(While this is somewhat paradoxical, I should assert that my aim is to reduce certainty of one’s beliefs in that external context where vultures wait to pounce upon all of that which does not truly matter.)

To be active in your faith does not have to include pre-emptive defense of that faith which expresses itself in an over-compensation– it does not identify itself as part of a privileged and holy collective which claims an exclusive lucidity– it does not express itself as any sort of title because it is a faith which supplants your existence. To make claim on something, to explain, support, encourage something, it requires an awareness that your conscious recognizes, harnesses, molds…and in that way, it is something external, which can be controlled in relation to your identity. Although, after committing that holy leap…what becomes of your identity? If one is alive in Christ and dead otherwise, then where is the gray area? That gray area is protected by your will (by whatever means necessary) and appropriated in order to insulate you from the roll which you so proudly claim to affirm–it allows for distance.

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“The matter is quite simple. The Bible is very easy to understand. But we Christians are a bunch of scheming swindlers. We pretend to be unable to understand it because we know very well that the minute we understand, we are obliged to act accordingly. Take any words in the New Testament and forget everything except pledging yourself to act accordingly. My God, you will say, if I do that my whole life will be ruined. How would I ever get on in the world? Herein lies the real place of Christian scholarship. Christian scholarship is the Church’s prodigious invention to defend itself against the Bible, to ensure that we can continue to be good Christians without the Bible coming too close. Oh, priceless scholarship, what would we do without you?”–Soren Kierkegaard

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I was driving today and I was lucky enough to witness that age old representation of God in the sky–when the spotted clouds roll in front of the son so that it peeks through the holes and is understood as an image of heaven peeking through the clouds in all of its glory, bursting forth. Yes, inspirational indeed! Although, the moment those clouds do disperse and make way for the onslaught of the sun’s heat and blinding rays, then we would recoil into some near by shade to gain cover from the discomfort—and that is just as it is with God. We pretend within the company of others to thirst for God, for Jesus, for that intimacy, but just as the unbridled sun is something we seek reprieve from, to be intimate with God is that one thing which we merely claim to desire. To be in front of God is to die, it would be a horror to the truth of our will emerge in the presence of He who can cut us off at the knees and expose us is that same divinity which we require–and it is just that exposure which is the only thing that can save us, because rationality and reason folds back onto itself and evolves to a functioning madness, an insanity which repetitively  hopes for a new outcome after centuries of having faith that our own ideas will turn out differently, might this time be for the greater good! Well, perhaps they are, and surely we will bloat any initial blessing which might happen upon us individually or as a society. There is no interest in betterment, merely convenience–a world bent to our own ideals, not the ideals which will set a world in right motion. Ego masquerades in many beautiful and inspirational forms.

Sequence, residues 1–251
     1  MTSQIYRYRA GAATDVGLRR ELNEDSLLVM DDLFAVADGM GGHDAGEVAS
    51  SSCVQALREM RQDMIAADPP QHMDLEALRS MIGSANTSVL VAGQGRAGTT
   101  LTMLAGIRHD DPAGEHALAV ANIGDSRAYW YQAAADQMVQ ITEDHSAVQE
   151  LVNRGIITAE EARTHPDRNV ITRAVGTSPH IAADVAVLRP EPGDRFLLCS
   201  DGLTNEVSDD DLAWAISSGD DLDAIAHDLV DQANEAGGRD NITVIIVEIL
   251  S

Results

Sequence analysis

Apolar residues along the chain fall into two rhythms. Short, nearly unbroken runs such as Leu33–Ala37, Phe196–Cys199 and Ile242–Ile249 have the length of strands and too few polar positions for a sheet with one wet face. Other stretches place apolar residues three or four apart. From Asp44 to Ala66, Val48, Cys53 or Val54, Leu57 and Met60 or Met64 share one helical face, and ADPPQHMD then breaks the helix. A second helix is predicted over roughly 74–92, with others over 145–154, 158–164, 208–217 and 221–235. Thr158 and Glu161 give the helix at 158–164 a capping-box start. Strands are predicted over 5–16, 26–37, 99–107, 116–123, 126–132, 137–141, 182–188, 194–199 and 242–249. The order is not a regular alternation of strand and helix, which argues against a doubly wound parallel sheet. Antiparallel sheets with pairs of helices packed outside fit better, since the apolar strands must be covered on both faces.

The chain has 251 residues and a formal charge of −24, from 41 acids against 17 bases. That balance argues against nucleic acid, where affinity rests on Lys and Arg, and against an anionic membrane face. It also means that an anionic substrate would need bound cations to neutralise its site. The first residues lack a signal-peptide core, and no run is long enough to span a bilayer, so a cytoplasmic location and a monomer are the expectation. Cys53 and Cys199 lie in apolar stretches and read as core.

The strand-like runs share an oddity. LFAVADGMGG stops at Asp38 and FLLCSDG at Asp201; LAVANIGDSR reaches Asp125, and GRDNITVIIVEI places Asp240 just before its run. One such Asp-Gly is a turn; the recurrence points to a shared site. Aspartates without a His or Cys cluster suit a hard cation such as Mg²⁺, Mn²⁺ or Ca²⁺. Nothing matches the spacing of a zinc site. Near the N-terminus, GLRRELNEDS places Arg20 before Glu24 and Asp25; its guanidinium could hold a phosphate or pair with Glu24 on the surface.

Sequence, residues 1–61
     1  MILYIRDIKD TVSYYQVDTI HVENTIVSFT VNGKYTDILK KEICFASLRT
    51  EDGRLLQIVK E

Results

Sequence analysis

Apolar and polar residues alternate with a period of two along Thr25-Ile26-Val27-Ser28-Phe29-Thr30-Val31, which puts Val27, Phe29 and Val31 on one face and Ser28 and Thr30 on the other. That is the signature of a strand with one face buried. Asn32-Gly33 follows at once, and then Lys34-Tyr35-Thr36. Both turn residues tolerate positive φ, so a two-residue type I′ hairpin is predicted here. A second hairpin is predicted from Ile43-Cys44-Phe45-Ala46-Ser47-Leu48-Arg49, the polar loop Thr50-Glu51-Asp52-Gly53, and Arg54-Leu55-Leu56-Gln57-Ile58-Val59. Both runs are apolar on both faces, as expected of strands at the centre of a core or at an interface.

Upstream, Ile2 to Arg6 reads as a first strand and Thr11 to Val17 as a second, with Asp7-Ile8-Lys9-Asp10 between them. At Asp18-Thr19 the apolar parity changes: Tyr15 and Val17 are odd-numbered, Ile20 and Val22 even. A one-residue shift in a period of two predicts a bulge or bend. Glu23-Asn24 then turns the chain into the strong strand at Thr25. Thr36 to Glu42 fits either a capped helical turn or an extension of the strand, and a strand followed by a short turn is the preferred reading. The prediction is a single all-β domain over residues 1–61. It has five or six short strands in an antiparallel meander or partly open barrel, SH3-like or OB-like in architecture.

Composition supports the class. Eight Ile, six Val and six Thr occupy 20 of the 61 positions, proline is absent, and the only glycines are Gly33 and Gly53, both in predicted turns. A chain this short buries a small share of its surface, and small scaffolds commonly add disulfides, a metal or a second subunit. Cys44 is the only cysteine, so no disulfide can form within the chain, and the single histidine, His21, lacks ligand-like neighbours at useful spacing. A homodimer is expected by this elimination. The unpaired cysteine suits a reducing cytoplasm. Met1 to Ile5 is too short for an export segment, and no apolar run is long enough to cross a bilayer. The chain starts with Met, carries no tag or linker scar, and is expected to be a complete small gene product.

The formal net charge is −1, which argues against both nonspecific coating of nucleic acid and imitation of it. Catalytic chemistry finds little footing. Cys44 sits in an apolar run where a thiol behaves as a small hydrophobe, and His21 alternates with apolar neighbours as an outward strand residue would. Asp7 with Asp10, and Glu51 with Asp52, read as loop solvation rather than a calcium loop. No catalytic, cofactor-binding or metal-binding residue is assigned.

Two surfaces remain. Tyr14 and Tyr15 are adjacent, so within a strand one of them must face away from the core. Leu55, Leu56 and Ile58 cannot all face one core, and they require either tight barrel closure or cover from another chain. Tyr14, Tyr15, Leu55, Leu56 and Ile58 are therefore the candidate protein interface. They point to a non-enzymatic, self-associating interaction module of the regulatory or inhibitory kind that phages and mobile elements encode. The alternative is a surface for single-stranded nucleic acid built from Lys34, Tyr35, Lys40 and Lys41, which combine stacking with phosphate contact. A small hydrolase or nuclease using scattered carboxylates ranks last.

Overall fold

So what! I will implode into my own depths all of my ideas except those which enable my mouth be silent. I will mute myself. I don’t have the right to say anything, for as Paul said, I am not righteous. And if I am not righteous what do I have to offer the world other than my broken understanding of God’s love which, being that I am in a constant and obstinate conflict with it, shall never be so bold as to proclaim it to an audience. Perhaps you have faith in that idea which relies on God to make right all that is wrong (your public folly), and if that is what you find comfort in, then what is that to me? But I feel that my faith in God should be expressed in the opposite idea which relies on all that is not foolishly and recklessly communicated to be revealed by God to the individuals of this world when the moment is ripe.

Ultimately, I do not know, nor do you. Wouldn’t it be agreed that those things which we don’t understand should be those things we approach with the most humility and respect. I will not scream about economics if I my knowledge of the topic does not exceed a general understanding of Adam Smith and Keynes. I will not scream about love and world peace if I am still out for myself and call it self-preservation and self-respect. I will not scream about Jesus if my only association with his ethics are displayed when the spot lights are on.

Is faith in God to be expressed by desiring a change in the world for the better, or is faith in God expressing your gratitude for the world you do live in and those who love you, and is it expressed by thanking God for the state of everything knowing that nothing will happen that is not in his design? Isn’t that tenacious mindset and mission to change the world also an expression of your judgement on God’s creation? Were the disciples sent to change the world?I would say that they were sent change the individual. What do we know about the world and our own ideas? So much as to assume that our will shall fall upon the lives of millions of lost individuals who merely want to live (survive, cope) and engage in what they understand as love? Does faith render us immobile? Perhaps faith redirects our attention to ourselves before it is directed any where else.